Groupon has attempted to address these possible legal issues relating to expiration dates by separating the “purchase value” from the “promotional value” in its Groupons.  According to Groupon’s Terms of Sale found in Section 7 of Groupons Terms of Service, each Groupon deal voucher consists of a purchase value (the discounted amount that the customer actually pays in exchange for the goods and services) and a promotional value (the difference in value between the full offer value and the purchase value).  The purchase value does not expire until it is used or refunded.  Conversely, the promotional value expires on the date stated on the Groupon deal voucher unless applicable law prohibits the promotional value from expiring.  Only time will tell whether Groupon’s attempts at complying with these possible gift certificate law issues will be sufficient to satisfy state regulators’ concerns regarding consumer protection or result in the dismissal of the currently pending class actions.

As we reported last month, the safe harbor in Section 230 of the Communications Decency Act (“CDA”) immunizes social media providers from liability based on content posted by users under most circumstances, but not from liability for content that the providers themselves generate.  But what about when providers block Internet traffic such as “spam” – does the CDA immunize service providers from liability for claims related to messages not reaching their intended recipients?

In two recent unpublished cases, Holomaxx Techs. Corp. v. Microsoft Corp. and Holomaxx Techs. Corp. v. Yahoo! Inc., Judge Fogel of the Federal District Court for the Northern District of California held that the CDA does provide immunity in such circumstances.  (Notably, Judge Fogel also decided earlier this year that Facebook postings qualify as “commercial electronic mail messages” regulated under CAN-SPAM, the federal anti-spam statute.)  The Holomaxx holdings did not break new ground, but the cases clearly show that Section 230 of the CDA provides immunity not just with respect to user-posted content, but also for service providers’ blocking and restriction of messages.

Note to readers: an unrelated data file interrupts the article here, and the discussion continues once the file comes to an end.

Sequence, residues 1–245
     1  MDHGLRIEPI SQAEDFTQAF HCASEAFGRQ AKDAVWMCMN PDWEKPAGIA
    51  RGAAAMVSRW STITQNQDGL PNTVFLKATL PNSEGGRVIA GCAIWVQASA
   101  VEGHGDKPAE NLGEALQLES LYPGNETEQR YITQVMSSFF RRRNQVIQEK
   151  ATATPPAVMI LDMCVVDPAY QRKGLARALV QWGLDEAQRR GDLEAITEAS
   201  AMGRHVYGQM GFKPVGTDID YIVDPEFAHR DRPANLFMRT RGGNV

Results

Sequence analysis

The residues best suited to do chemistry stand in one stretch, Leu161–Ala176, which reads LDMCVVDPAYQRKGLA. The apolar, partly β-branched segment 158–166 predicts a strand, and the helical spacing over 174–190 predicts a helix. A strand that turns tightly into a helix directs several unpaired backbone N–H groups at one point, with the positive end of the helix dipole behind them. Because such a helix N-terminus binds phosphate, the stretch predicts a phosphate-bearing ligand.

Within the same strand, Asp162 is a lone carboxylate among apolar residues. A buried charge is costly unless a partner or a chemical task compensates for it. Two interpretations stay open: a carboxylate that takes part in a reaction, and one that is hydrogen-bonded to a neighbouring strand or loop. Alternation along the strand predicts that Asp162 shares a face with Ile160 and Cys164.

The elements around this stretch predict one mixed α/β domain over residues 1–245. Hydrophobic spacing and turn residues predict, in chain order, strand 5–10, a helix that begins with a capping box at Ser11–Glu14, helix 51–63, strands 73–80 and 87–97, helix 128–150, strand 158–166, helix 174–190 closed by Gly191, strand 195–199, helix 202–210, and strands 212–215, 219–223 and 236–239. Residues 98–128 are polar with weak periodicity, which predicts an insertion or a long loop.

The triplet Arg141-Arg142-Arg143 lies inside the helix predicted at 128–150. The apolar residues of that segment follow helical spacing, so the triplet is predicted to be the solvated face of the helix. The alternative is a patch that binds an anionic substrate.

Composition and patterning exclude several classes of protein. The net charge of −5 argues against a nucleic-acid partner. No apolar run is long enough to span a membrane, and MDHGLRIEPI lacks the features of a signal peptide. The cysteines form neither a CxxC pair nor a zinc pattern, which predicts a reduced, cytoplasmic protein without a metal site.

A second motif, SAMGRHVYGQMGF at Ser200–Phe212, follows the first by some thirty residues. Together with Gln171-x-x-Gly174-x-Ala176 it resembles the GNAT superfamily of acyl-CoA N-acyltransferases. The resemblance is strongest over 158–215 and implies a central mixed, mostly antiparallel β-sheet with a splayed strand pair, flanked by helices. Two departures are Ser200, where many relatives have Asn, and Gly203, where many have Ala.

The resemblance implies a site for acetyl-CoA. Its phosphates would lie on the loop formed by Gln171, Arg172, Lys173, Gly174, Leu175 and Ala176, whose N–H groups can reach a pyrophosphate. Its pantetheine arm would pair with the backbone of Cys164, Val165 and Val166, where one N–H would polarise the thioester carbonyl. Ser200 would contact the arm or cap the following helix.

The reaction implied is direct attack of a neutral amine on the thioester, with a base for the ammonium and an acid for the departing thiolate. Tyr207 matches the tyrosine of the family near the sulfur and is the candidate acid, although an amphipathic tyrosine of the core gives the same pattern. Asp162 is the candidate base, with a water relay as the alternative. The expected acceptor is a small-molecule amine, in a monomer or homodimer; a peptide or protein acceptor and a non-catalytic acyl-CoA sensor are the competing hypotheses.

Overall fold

Plaintiff Holomaxx Technologies runs an email marketing and ecommerce business development service.  After what it alleged was MSN’s and Yahoo!’s continued refusal to deliver its legitimate emails, Holomaxx sued both companies for state law tort claims alleging interference with contract and business advantage, defamation, false light, and unfair competition, and for federal claims under the Wiretap Act, the Computer Fraud and Abuse Act, and the Stored Communications Act.  Seeking both damages and an injunction, Holomaxx claimed that MSN and Yahoo! “knowingly relie[d] on faulty spam filters” and that it was “entitled to send legitimate, permission-based emails to its clients’ customers now.”

In its complaints against Microsoft and Yahoo!, Holomaxx explained that it delivers for its customers ten million email messages a day, including three million to Hotmail/MSN users and six million to Yahoo! users.  Holomaxx claimed that it sent only legitimate, requested emails to consenting users and complied with CAN-SPAM.  According to Holomaxx, MSN’s and Yahoo!’s email filtering systems began blocking, rerouting, and/or throttling Holomaxx-generated emails to MSN and Yahoo! users, and MSN and Yahoo! ignored its requests to be unblocked and failed to identify specific problems with Holomaxx’s emails.  Also according to Holomaxx, MSN and Yahoo! users acted in bad faith because they did not work with Holomaxx in the manner prescribed by the abuse desk guidelines of the Messaging Anti-Abuse Working Group, to which both companies belong and which Holomaxx characterized as an “industry standard.”  Finally, Holomaxx claimed that anticompetitive purposes drove MSN’s and Yahoo!’s blocking, and that the fact that the two companies had initially resumed delivery of Holomaxx emails and then stopped again showed that the companies acted in bad faith.

MSN and Yahoo! moved to dismiss, citing CDA Section 230(c)(2), which on its face immunizes service providers for “any action voluntarily taken in good faith to restrict access to or availability of material that the provider or user considers … objectionable,” and arguing that the facts that Holomaxx alleged were insufficient to overcome this statutory immunity.